LANE HOUSE CONSTRUCTION, INC., Respondent, v. Doris OGROWSKY, Appellant.
Doris Ogrowsky (“Defendant”) appeals from the circuit court of St. Louis County's entry of summary judgment in favor of Lane House Construction, Inc. (“Plaintiff”) in the amount of $18,032.36. We reverse and remand.
In December 2010, Defendant retained Plaintiff to repair her leaky roof. The terms of their agreement were contained in a written contract. After Plaintiff repaired Defendant's roof, Plaintiff mailed an invoice to Defendant in the amount of $6,308. However, Defendant refused to pay due to her dissatisfaction with the repairs. Plaintiff filed an initial lawsuit (“Initial Lawsuit”) against Defendant in St. Louis County. After numerous attempts at mediation, the Initial Lawsuit was finally set for trial. On the scheduled date for trial, the parties apparently agreed to a settlement, in which Defendant would pay Plaintiff $2,000. Unfortunately, the settlement never materialized and the trial court eventually dismissed Plaintiff's Petition without prejudice for failure to prosecute on June 4, 2012.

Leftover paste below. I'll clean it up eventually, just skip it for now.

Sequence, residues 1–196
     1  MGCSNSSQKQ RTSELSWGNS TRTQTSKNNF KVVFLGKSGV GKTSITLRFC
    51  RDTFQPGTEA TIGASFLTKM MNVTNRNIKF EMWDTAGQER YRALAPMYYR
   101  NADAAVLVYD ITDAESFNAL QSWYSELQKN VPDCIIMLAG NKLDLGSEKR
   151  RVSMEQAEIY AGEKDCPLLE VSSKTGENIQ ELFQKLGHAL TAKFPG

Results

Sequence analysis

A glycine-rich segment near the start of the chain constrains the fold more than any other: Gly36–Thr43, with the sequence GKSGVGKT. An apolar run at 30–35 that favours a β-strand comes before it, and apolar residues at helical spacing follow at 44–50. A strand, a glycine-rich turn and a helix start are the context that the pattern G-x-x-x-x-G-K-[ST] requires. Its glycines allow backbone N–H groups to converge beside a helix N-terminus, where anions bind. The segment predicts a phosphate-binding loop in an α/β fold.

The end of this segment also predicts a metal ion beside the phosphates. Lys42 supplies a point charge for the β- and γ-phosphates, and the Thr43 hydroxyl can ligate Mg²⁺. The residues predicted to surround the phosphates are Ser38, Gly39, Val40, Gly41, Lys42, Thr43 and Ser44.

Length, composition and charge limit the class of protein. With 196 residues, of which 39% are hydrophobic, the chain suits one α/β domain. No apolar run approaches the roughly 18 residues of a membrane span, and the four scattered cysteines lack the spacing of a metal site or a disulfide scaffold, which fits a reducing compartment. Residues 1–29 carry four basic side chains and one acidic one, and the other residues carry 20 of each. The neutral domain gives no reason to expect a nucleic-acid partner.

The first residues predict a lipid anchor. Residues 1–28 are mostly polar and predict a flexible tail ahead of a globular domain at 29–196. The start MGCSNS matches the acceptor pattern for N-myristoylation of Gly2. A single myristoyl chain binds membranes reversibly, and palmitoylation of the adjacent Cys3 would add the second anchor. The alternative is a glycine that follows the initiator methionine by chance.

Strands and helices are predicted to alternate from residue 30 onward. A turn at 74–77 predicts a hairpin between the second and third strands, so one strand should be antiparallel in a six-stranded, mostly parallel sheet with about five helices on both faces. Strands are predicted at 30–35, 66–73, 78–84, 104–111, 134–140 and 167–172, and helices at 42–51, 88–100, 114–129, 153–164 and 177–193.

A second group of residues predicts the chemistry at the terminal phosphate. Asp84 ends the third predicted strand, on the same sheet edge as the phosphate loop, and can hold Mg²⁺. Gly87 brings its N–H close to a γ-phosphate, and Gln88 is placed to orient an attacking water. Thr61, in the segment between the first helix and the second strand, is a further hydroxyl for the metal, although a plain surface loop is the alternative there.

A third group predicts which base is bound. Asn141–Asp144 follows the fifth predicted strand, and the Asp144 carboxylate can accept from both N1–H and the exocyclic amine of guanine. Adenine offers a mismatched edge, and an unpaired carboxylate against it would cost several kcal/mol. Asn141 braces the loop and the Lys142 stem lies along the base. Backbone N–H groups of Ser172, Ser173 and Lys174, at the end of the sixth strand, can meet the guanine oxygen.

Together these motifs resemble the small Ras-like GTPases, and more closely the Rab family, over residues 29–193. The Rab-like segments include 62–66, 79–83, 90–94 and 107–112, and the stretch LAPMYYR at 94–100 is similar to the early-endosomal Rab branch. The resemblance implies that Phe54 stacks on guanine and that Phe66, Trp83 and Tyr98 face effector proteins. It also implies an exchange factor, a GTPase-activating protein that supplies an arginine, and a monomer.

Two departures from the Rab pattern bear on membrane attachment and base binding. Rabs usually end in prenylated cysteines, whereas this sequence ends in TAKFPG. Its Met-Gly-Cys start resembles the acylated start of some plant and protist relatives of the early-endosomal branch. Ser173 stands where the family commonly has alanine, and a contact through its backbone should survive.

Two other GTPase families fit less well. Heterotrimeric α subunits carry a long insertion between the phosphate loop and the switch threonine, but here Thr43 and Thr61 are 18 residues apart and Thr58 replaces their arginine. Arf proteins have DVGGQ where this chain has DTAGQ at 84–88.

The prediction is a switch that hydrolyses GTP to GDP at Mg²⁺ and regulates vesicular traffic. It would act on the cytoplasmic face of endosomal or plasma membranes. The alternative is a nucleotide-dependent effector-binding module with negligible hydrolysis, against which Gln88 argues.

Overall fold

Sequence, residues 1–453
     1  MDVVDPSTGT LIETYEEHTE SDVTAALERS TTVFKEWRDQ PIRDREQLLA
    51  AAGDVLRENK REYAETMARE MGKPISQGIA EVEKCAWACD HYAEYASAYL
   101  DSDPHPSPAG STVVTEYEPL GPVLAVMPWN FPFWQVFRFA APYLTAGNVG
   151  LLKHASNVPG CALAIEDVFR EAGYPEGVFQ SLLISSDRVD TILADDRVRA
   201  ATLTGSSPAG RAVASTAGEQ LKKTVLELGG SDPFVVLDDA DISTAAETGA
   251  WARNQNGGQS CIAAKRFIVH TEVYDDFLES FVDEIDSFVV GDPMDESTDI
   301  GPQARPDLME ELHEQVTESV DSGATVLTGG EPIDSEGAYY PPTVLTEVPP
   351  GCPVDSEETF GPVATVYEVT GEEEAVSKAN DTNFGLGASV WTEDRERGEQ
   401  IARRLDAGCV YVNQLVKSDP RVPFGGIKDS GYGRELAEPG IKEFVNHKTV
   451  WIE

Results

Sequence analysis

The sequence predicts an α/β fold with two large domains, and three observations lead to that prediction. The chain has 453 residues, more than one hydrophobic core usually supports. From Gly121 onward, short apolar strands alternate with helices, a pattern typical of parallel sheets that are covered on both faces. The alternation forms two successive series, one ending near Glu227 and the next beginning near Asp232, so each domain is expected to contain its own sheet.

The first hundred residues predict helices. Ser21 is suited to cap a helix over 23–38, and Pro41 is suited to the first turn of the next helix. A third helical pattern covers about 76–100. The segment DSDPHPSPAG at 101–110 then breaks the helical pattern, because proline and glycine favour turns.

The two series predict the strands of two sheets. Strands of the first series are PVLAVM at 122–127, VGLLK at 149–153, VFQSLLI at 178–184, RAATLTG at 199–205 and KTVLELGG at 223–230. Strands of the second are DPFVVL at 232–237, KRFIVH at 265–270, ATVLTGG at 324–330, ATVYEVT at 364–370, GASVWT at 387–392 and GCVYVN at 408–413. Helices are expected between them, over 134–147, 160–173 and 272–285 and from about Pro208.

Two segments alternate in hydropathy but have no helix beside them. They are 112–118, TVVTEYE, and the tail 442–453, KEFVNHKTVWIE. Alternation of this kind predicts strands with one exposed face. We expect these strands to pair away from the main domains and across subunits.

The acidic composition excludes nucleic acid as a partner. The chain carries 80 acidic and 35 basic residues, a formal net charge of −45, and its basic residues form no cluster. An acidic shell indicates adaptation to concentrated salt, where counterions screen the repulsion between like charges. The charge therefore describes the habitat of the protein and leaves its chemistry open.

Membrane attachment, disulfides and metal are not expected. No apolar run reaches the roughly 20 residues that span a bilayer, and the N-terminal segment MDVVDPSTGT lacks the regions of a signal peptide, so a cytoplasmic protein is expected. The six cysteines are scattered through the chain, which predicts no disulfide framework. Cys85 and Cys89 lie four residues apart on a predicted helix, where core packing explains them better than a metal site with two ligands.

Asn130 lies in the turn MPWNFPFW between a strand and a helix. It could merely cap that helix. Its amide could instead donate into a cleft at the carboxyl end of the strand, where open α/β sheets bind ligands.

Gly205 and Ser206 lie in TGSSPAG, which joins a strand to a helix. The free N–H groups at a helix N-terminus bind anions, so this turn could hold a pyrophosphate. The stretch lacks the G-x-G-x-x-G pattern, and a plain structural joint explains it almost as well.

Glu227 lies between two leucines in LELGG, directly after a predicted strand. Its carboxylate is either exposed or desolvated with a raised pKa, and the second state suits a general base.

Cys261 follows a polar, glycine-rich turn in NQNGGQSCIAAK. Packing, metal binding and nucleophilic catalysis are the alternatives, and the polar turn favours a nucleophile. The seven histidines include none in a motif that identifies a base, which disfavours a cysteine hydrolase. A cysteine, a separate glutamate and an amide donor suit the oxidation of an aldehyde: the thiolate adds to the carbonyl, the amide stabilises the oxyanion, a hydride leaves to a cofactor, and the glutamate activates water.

Plaintiff filed a second lawsuit (“Second Lawsuit”) on October 19, 2012. The petition filed in the Second Lawsuit was almost identical to that of the Initial Lawsuit, although it included a fifth count for “enforcement of settlement agreement.” Defendant was personally served on November 9, 2012.